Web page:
General Jimmy

Writer / DJ / PR Manager / Fat Bastard

Happy Birthday 2Pac

Today marks what would of been the 41st birthday for Tupac Shakur. As an actor, rapper and, originally with Digital Underground, a dancer, 2Pac as he later became known, was one of, if not the loudest, voices in hip-hop in the early to mid nineties. Everything he did, from arguably one of the greatest hip-hop based performances on celluloid of all time in Juice, up until his untimely death in 1996, screamed for attention. For better or worse he was an icon of the times, constantly provoking discussion and debate, love and hatred. He live, and died, by what he stood for.

Now now. We know his music has been overdone since his death. We know he wasn’t one of the most quotable emcees of his time. But I’m gonna stick my neck out here and say 2Pac was mad underrated. He’s done a few albums that stand up well, Makaveli, Thug Life and especially Me Against the World. Even the magnum opus on Death Row, All Eyez on Me, counts as something of a classic if you shredded it down a little bit. But becuase teengae fanboys revered him after he died (I’m gonna admit I was one circa 1997-2000) hiphop heads never give him his dues. So I’m gonna plead the case for his legacy to be re-appraised slightly. Through the power of five songs…

Seriously, is it possible to dislike this record? Shakur is just straight up clownin with the Digital Underground and singing about shagging loads of birds. But it’s playful misoygny (by Hip-Hop standards at least) and just loads of fun. Love, love, love it.

Yowzers. This is probably the most distilled record of hate ever made. It even trumps Bob Dylan. It’s venomous bile of a different kind, and pretty uncomfortable listening at times. It’s not the most skilful or important diss record ever (KRS stand up), but it is one of the best. Sadly indicative of a man about to be engulfed by the themes he rapped about, it’s nevertheless a fascinating piece of music.

“Before the BDP conflict with MC Shan, Around the time when Shante dissed the Real Roxxane”. So begins Nas on the final verse of his iller than ill ‘Represent’ track, painting a picture that is pure homage to the old school pioneers. One year later though and Pac went one further and delivered this classic tribute to the forefathers of hip-hop. Shakur knew his onions, and this is reverential to a point that his west coast partner Snoop never quite managed with Lodi Dodi and Vapors.

Pete Rock & Cl Smooth’s ‘TROY’ is the quintessential ‘dead homie’ record in hip-hop, but this languid effort from 2Pac’s Thug Life group is a worthy addition to the canon. Such was Shakur’s conviction to his cause that his body was the ultimate outlet for his branding of his ideas, quite literally, with his tattoos. Body art in music was certainly no new thing, but Shakur gave hip-hop it’s first real beyond the wax militant, worthy in dedication if not necessarily in cause to his Black Panther ancestry. Also if not in name but definitely in spirit, ‘Pain’ by 2Pac and Big Stretch, is probably the other timeless Thug Life record, lifted off the Above the Rim Soundtrack.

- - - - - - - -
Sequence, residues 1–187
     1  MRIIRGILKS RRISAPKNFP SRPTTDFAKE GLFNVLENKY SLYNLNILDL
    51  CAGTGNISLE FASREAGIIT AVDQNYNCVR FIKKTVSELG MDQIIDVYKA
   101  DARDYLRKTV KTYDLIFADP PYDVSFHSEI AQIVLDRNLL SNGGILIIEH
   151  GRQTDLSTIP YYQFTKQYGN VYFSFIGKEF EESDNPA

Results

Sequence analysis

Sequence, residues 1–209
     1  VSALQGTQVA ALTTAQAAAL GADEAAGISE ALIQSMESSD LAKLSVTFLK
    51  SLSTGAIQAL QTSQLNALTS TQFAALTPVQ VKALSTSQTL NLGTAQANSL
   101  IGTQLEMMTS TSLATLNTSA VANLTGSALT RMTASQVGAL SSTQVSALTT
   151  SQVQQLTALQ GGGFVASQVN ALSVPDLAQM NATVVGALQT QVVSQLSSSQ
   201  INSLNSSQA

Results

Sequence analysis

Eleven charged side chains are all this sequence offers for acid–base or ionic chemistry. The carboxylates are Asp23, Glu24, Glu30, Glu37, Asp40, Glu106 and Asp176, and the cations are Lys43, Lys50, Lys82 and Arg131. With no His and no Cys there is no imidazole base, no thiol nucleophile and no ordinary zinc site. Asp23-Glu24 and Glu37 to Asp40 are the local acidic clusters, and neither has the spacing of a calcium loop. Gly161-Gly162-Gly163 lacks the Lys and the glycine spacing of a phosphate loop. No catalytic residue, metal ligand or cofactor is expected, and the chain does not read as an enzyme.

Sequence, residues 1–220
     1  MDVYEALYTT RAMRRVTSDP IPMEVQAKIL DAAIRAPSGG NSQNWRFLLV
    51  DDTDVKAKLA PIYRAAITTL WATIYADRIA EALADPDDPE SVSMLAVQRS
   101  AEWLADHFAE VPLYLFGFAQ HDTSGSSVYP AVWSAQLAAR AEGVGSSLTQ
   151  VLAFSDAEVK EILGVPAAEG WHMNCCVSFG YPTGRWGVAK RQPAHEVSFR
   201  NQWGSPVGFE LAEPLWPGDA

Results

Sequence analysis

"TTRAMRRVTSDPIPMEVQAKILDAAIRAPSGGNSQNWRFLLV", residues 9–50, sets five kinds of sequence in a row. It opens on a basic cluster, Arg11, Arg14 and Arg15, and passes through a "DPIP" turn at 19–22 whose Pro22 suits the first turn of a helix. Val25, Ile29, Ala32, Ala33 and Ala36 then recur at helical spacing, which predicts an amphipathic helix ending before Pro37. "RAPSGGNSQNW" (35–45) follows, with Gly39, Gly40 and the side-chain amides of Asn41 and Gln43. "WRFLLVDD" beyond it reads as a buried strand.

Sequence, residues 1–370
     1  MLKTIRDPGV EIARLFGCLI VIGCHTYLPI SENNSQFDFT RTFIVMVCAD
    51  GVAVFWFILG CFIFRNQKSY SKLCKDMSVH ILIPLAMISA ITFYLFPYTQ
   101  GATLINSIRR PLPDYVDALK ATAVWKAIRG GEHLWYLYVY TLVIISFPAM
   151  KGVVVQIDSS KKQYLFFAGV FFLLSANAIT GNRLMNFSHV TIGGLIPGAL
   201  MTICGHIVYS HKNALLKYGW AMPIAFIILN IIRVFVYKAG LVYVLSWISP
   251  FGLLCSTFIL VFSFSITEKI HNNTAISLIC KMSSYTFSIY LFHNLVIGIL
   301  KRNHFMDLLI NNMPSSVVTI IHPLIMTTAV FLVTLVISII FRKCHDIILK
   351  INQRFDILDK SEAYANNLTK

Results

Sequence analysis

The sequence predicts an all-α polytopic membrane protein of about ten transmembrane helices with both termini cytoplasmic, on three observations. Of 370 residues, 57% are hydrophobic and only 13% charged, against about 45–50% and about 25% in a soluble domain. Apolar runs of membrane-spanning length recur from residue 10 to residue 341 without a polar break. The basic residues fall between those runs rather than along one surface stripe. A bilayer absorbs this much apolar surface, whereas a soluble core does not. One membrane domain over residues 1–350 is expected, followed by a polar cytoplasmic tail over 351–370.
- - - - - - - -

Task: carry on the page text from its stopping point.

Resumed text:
Still an absolute anthem! This is all about Dre in the last stand of g-funk, the final apocalyptic record he gave Suge and Death Row, but Shakur came out banging heads with a brutal call to arms verse that would characterise his violent, combustible and musically hit and miss stay on Death Row. This song and this video, which featured cameos from Chris Tucker and George Clinton with a brilliant nod to both The Warriors and Mad Max, should of started what was Death Row’s second golden age. Things sadly didn’t work out that way, but this is the sound of hip-hop taking over the world. That it didn’t quite happen for another four years is irrelevant, because this was the sonic boom bap that announced the music was going to top the charts across the planet.

That opening slavo, ‘Out on bail fresh out of jail, california dreamin’ is still up there in hip-=hop entrances. And one of the first records I truly, truly loved in the genre; if it had been a Soundgarden or Smashing Pumpkins song that had made the hairs on the back of my neck stand up as a thirteen year old I might not be writing this blog today. And he did get that bomb beat from Dre and serenade the streets of LA.

Single Post Navigation

Leave a Reply

Your email address will not be published. Required fields are marked *